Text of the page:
HANDCRAFTED HISTORY


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A gown fit for a queen

You know when you are browsing fabrics, looking for something practical and discreet to make a working garment with? Yeah, that didn’t go as planned here…

I fell in love with this silk brocade and bought several meters of it during Double Wars. I had no plan at the moment, but it was lovely and the pattern a replica from the 15th century, so I figured I would find it useful. However, it took a couple of years to come around to cutting the fabric and making it into this gown:

15th century silk brocade dress
buying the fabric

Research:

I collected some examples of dresses that I liked that would fit the time period, social status and use for this fabric. This one is a favourite, painted by Pedro Berruguete around 1485, but I already made a tight fitted one when I made my velvet overgrown for the wedding, so I opted for a looser style now.

The weave, material and pattern of the fabric place this project at the top of the social structure in 15th century Europe, something to be worn by royalty. Brocades are most often seen as outer garments, with wide panels and a loose fit (the better to be taken apart and remade for the next wearer?) Here’s my pinterest board with examples. This fits my fabric well, since it is quite stiff, with a dramatic drape.

The model is best described as an overdress or houppelande, with narrow S-sleeves. The panels starts to get wider below the armhole, and adds as much volume as possible to the hem. The neckline is cut in a V-shape and slightly rounded in the back. I made the back panels longer to get a train and cut the middle front straight and floor-length to be able to walk in it without tripping over the hem.

Working with brocade fabric:

When making silk brocade garments for yourself, remember that you need more seam allowance than you use when sewing in wool or linen. First, the fabric will often shred and loose threads everywhere, and second, the brocade is often stiff and does not give any flexibility when worn. I calculated 1 cm extra seam allowance (2,5 cm instead of 1,5 cm) and another 2-4 % of the total measure for movement (if your pattern is 100 cm around the bust, the total will be 102-104 cm + seam allowance).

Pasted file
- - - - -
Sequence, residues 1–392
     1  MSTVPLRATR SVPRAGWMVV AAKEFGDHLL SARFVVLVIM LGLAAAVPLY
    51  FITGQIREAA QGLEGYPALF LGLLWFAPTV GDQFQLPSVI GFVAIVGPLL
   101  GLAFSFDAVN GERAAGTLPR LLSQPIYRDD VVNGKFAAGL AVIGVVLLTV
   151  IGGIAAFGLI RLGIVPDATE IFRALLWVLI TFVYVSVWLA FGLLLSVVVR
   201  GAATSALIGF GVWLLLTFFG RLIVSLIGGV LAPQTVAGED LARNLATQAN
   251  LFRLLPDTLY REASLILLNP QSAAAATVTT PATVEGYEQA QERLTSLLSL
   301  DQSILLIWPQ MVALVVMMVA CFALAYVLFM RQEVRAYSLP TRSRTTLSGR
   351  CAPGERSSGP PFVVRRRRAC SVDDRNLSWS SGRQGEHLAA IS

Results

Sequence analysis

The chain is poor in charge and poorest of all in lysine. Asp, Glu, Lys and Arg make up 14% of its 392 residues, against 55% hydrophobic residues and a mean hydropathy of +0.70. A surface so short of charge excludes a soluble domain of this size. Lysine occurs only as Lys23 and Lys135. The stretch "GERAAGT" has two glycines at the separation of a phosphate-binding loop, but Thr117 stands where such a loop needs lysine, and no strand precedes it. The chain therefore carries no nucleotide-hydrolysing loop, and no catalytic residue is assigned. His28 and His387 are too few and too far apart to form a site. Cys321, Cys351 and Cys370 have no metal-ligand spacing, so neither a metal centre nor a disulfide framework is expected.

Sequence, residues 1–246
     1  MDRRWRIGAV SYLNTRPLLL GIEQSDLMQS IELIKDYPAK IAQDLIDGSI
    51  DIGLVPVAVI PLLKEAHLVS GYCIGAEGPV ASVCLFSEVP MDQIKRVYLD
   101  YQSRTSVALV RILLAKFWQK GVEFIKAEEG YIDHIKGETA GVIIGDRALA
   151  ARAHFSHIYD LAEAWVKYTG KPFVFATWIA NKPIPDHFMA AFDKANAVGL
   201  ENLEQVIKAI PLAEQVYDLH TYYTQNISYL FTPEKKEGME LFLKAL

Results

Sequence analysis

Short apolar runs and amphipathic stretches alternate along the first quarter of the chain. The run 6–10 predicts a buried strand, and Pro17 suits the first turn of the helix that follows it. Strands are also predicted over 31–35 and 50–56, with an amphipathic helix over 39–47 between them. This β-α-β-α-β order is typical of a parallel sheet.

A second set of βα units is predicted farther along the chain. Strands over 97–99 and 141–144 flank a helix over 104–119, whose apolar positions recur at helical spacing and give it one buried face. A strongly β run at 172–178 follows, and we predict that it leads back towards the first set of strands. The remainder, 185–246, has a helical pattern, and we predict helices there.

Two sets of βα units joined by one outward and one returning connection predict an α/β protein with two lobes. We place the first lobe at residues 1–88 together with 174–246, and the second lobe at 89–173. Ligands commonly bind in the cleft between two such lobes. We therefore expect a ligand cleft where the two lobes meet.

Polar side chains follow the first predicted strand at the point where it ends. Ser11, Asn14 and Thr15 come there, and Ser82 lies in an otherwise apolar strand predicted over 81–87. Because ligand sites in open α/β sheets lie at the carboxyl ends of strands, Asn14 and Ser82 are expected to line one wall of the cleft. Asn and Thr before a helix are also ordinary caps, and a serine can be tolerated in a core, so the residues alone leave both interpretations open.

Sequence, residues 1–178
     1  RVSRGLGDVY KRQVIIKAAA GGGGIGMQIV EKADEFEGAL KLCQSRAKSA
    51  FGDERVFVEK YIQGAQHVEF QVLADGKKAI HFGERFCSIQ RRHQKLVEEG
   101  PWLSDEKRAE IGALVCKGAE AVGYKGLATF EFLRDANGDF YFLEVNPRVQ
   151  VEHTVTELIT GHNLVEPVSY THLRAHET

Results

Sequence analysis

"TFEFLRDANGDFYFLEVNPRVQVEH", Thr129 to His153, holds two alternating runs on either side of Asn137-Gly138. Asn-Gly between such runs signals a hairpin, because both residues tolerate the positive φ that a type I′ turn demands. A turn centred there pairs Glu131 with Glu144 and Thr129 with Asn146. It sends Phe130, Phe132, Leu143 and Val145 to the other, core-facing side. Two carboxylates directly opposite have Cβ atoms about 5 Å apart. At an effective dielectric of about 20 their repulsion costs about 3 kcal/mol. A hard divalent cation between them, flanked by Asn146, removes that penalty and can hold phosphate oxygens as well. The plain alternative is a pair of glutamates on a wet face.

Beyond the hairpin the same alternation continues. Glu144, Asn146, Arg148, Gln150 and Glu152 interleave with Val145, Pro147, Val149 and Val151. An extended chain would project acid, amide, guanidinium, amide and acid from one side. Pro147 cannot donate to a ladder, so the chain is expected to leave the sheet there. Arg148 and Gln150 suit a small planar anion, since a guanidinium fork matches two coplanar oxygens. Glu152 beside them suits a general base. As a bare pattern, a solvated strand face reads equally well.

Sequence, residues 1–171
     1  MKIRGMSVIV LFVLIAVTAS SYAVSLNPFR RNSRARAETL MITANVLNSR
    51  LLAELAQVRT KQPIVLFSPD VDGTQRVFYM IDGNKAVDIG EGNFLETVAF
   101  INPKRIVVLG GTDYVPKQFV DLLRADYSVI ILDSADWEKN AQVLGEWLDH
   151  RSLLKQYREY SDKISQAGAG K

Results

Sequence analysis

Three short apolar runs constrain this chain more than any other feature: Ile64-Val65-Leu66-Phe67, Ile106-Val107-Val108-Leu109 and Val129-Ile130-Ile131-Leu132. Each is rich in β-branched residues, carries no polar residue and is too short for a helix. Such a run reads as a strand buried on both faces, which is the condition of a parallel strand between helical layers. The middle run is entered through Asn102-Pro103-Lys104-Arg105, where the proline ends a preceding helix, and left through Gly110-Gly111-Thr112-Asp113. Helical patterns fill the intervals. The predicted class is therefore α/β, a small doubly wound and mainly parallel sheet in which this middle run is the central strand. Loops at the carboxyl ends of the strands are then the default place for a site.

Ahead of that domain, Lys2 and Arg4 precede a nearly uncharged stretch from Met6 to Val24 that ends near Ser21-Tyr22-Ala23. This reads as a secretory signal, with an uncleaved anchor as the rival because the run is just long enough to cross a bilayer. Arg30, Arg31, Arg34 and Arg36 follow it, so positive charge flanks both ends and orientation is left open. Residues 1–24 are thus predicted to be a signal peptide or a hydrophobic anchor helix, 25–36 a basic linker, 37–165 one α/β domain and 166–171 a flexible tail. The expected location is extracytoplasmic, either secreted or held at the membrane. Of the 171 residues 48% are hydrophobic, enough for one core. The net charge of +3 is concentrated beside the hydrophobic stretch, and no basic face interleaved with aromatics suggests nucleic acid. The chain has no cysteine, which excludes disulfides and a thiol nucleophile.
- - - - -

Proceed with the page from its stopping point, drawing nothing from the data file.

I do not wash silk brocades before sewing, instead, I steam them with an iron. This will lose the weaving tension without altering the fabric appearance overly much.

When drafting the pattern pieces, remember to adjust them to the fabrics pattern and right/wrong side. This means that if you want to use your fabric wisely, half the dress will have the pattern running in the ”wrong” direction. On my dress, the pattern is ”upside down” on the back panels, and the right way in the front. The fronts are not matched pattern-wise but cut out to maximize the use of the fabric. To the modern eye, this might feel wrong, but never mind modern ideals! Also, piecing in the skirt or sleeves does not have to follow the pattern direction, just use what scraps you have.

zigzag your edges after cutting

After cutting your fabric pieces, I recommend zigzagging or overlocking the edges on your sewing machine, even if you are about to hand sew your garment and will have to rip away the threads while you work. This will prevent the seam allowance to disappear before you have even finished sewing the pieces together.

For hand sewing, silk thread and running stitches or backstitching will do fine. Try pinning only in the seam allowances to avoid damage to the fabric, or use small clamps instead of pins. I also like to bast; here is the sleeve sewn into the armhole with a linen basting thread, before backstitching it with silk thread.

brocade sleeve inserted to armhole

If you prefer to sew your garment on a machine, use a silk thread and a little longer stitches than normal, to allow for a good looking seam. You might want to adjust the thread tension a bit- try on some scraps first!

I press all my seams while working (with steam and a cloth), to make them tidy and easier to sew down. If you don’t want to fell the seams, leave a zigzag or overlock on the inside. If you prefer to fell the seams, use silk thread and try to press and fold the seam allowance as tight as possible for a nice finish. The hem is also pressed and folded over twice before I whip stitch it in place.

The gown, before the finishing pressing with steam. Notice that the sleeves pulls a bit toward the back? The seam is a bit on the tight side, I should have used looser stitches when closing the sleeve. Now I had to adjust it with a good steam and press to reset the shape. Never underestimate steam!

trying the dress on a mannequin
the back of the gown after pressing, the train turned out great!

I have yet to wear the dress to an event, and I am really looking forward to it. This type of dress needs to be paired with nerdy headwear, sparkly jewellery and a great party!